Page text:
Create and Print Free Printable Christmas Cards at Home
Thomas was a popular name throughout medieval Europe. In Britain the name was rare prior to the Norman Conquest (11th century CE), but by the 13th and 14th centuries it had become common. In 2017 it ranked 13th in popularity in the United Kingdom with 3,246 babies given the name. Our Menus Thomas's Family Dining & Catering.For Spanish Christmas Cards Feliz Navidad
How to personalize a Christmas Card
Did you know that we have over 500 printable Christmas cards on Gotfreecards.com?And the best part? All of them are free. So, why wait? Go ahead and create beautiful greeting cards for your friends and family, print them out at home in minutes and watch the delightful smiles on the faces of people as they open your personalized, printable cards.
It’s quick and easy. These are the steps:
Thomas And Friends
- Browse the cards in the section and select the one/s you like. Besides the vibrant Christmas themes featuring Santa, mistletoe, Xmas trees, and presents, you’ll see that there are several printable cards that can be colored in which make great holiday projects for kids. There’s nothing grandparents, uncles and aunts would love more than greeting cards personalized by the kids they adore.
- When you’ve chosen a card, simply customize the front and inside so it looks the way you want. You can rotate and reposition the image on the front.
- Add text, stickers and even a picture to make your card more personal and interesting. Choose from different text colors and fonts and several attractive sticker options.
- Note that there are two ways you can print your card – one-sided and front and back. Preview both options and choose the one you like.
- When you’re satisfied with your printable card, go ahead and print it out. Voila! Your home-made Christmas card is ready to be sealed and delivered.
Thomas Randolph was sitting on death row for the murder of his wife and another man when his fortune changed dramatically in December 2020 and his conviction was reversed pending a new trial. A judge ruled that the prosecution shouldn't have been allowed to include information about a previous murder Randolph had been investigated for, because he'd been acquitted in that case. However, while he awaits his new trial, Thomas Randolph will remain in prison, per the New York Post.
Randolph was originally sentenced to death for the 2008 murders of his sixth wife Sharon Causse and a man named Michael Miller. Randolph has long claimed to be innocent, according to the Post, saying that Miller had broken into their home, and shot and killed Causse, leading him to kill Miller out of self-defense. However, Fox 40 reported that the prosecution's case alleged that Randolph had hired Miller to kill Causse for the life insurance payout, but then took matters into his own hands to kill Miller after she was already dead.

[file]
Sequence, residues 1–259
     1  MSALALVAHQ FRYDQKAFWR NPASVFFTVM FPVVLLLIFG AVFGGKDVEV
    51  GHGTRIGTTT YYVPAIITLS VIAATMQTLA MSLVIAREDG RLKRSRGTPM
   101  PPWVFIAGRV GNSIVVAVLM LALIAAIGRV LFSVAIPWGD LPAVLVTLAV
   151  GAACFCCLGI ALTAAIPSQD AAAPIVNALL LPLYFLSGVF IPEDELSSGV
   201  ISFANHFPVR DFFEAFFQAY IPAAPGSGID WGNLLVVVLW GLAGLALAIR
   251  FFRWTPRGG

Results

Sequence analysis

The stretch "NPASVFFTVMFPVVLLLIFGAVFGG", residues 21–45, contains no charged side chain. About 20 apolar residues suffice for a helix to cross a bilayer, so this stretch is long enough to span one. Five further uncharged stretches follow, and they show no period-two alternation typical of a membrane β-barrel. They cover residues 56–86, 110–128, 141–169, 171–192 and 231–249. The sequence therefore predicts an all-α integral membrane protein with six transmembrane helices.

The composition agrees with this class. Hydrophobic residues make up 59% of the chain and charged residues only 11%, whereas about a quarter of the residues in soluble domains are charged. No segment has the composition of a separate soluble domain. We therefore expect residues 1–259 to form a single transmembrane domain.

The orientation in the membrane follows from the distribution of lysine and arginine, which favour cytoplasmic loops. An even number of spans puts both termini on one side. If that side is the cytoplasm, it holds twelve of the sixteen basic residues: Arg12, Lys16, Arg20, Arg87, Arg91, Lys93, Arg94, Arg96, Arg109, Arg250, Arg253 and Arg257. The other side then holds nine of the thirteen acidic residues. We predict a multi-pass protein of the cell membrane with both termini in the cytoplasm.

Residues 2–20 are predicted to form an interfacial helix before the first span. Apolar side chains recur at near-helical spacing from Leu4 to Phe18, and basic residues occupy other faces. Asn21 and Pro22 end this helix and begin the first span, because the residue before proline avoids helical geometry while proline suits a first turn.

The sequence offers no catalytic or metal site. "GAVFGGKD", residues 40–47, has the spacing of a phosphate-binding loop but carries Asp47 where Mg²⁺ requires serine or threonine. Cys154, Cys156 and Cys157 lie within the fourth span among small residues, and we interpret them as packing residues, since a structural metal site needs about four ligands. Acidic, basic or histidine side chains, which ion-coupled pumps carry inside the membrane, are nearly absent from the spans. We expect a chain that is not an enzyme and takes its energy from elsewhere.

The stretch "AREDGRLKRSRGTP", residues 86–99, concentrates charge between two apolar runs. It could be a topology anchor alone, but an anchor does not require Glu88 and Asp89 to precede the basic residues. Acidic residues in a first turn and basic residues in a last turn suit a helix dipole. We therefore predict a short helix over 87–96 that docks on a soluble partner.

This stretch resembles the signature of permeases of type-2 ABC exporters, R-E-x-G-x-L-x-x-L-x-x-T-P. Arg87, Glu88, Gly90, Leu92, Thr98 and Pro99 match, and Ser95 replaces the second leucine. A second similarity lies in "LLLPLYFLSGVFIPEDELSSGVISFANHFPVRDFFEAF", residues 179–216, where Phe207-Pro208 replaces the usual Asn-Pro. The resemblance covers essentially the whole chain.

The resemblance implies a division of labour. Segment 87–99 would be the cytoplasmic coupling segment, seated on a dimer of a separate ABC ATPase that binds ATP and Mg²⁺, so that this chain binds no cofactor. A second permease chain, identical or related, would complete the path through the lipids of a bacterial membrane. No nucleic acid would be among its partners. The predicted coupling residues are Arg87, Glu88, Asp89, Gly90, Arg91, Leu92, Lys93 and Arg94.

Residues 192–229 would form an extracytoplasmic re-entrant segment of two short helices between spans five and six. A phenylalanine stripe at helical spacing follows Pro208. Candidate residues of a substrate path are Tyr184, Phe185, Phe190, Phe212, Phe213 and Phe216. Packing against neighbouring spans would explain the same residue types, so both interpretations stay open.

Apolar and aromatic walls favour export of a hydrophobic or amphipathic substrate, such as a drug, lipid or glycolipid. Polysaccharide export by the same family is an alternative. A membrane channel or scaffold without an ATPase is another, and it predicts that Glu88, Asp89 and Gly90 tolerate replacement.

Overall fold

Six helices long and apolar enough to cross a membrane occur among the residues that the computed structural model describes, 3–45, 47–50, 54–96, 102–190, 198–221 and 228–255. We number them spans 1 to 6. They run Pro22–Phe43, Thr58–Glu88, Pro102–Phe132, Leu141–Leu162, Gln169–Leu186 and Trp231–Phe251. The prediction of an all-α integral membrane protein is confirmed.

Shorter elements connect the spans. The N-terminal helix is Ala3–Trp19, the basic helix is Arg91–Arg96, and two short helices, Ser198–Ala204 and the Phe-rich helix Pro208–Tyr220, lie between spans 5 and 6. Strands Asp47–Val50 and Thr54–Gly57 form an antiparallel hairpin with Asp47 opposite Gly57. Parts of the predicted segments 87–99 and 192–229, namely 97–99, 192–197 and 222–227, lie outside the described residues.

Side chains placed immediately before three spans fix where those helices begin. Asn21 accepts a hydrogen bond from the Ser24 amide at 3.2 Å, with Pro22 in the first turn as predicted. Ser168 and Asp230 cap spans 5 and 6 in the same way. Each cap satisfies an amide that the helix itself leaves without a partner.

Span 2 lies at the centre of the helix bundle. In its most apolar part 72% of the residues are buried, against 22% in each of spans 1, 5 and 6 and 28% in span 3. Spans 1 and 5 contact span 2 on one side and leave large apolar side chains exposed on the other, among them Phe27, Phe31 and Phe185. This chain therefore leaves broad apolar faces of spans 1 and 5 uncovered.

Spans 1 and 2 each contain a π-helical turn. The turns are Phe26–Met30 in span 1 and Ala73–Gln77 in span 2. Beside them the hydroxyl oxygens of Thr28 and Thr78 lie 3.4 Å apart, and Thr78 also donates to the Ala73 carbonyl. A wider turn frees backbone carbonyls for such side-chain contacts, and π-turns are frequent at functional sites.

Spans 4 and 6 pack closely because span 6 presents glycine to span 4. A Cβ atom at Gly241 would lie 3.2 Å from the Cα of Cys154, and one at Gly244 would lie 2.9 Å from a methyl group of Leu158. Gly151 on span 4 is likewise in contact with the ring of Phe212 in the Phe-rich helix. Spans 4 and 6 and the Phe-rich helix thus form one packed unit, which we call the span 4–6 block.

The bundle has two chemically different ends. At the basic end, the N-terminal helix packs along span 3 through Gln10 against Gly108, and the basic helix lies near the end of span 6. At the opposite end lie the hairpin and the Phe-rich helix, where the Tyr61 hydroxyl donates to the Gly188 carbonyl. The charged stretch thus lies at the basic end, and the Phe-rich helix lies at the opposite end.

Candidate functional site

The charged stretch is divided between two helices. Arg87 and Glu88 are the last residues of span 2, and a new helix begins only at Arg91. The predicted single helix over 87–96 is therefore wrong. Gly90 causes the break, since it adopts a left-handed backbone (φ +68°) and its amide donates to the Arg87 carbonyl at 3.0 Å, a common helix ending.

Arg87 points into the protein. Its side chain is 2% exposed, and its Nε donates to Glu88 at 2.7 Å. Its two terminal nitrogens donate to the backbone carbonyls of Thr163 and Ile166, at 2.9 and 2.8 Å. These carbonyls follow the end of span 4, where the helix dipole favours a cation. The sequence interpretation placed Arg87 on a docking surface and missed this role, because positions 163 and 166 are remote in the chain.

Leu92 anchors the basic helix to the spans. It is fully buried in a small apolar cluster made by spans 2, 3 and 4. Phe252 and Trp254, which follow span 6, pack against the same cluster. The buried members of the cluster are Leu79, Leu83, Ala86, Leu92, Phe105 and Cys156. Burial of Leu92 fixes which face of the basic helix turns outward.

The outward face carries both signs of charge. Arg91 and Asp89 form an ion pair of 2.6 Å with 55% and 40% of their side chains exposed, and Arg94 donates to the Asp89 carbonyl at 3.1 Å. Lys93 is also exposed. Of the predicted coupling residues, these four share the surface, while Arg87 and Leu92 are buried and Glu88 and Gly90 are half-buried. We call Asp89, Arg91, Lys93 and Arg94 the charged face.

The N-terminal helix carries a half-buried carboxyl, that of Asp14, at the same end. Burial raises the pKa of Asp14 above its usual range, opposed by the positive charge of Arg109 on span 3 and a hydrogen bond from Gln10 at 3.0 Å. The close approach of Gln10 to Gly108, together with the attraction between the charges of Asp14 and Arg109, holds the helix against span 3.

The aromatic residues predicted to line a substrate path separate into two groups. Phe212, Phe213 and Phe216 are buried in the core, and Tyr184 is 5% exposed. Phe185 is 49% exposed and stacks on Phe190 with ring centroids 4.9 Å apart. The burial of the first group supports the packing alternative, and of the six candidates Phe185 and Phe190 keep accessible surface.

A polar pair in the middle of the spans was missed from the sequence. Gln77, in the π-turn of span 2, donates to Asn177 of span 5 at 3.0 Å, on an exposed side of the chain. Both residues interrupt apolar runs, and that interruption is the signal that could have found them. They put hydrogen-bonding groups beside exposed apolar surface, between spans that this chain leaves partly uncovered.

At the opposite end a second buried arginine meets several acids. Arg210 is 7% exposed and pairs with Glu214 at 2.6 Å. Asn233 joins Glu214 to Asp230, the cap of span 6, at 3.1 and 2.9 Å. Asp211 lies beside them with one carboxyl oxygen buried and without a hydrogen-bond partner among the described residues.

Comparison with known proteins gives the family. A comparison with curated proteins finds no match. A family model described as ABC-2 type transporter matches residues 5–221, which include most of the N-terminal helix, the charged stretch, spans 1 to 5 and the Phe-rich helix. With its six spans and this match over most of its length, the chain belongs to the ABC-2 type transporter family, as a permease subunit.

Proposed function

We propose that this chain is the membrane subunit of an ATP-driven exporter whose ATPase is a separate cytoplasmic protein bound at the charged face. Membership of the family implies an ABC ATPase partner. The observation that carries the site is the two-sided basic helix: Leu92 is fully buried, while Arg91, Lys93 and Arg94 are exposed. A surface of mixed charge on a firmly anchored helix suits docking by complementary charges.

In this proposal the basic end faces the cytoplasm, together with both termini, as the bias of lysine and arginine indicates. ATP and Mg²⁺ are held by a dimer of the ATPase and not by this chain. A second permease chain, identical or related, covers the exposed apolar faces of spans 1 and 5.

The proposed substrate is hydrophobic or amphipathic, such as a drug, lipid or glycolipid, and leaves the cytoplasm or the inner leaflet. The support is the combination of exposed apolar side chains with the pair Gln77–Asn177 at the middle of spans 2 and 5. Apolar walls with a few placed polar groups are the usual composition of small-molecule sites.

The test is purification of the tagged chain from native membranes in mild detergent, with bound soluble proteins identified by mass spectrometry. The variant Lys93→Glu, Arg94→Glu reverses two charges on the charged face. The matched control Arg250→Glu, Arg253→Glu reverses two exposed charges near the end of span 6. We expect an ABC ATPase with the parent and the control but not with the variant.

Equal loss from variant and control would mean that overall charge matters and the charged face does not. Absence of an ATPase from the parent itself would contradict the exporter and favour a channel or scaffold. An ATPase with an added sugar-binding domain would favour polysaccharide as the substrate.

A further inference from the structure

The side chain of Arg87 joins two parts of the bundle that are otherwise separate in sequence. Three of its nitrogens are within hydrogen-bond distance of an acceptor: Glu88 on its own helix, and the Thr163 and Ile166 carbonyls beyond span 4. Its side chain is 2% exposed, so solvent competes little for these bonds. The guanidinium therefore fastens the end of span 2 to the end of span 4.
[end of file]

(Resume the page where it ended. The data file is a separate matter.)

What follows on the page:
Causse is Randolph's fourth wife to die. In 1986, Randolph was tried for the death of his second wife, Becky Gault, and was acquitted after his lawyers convinced the jury that Gault died by suicide. His fourth and fifth wives reportedly died after heart surgery and of cancer, respectively, according to the Las Vegas Review-Journal. The outlet noted that his two surviving wives testified against him at his initial trial for Causse's death and claimed that they'd feared for their own lives while married to him.
After Randolph was sentenced to death in 2017, his case was automatically put up for appeal as all capital punishment cases are, per People. That appeal worked in his favor, and his conviction was reversed in late 2020. According to Nevada inmate files, the now 66-year-old Randolph is being held at the High Desert State Prison in Indian Springs, Nevada, while he awaits a new trial.
Fox 40 reported that he claimed to the podcast Killer Genes that he is innocent and looking forward to the justice system working in his favor. 'I'm just happy as can be because, as I told everybody, I didn't do this. I didn't kill Becky. I didn't kill Sharon,' he said. 'And I think I'm more happy not with the fact that I'm getting a new trial, I'm more happy that the system didn’t let me down like it's let down so many other people. Like it had let me down for going on 13 years.'
His case will now be explored in the three-part NBC series The Widower.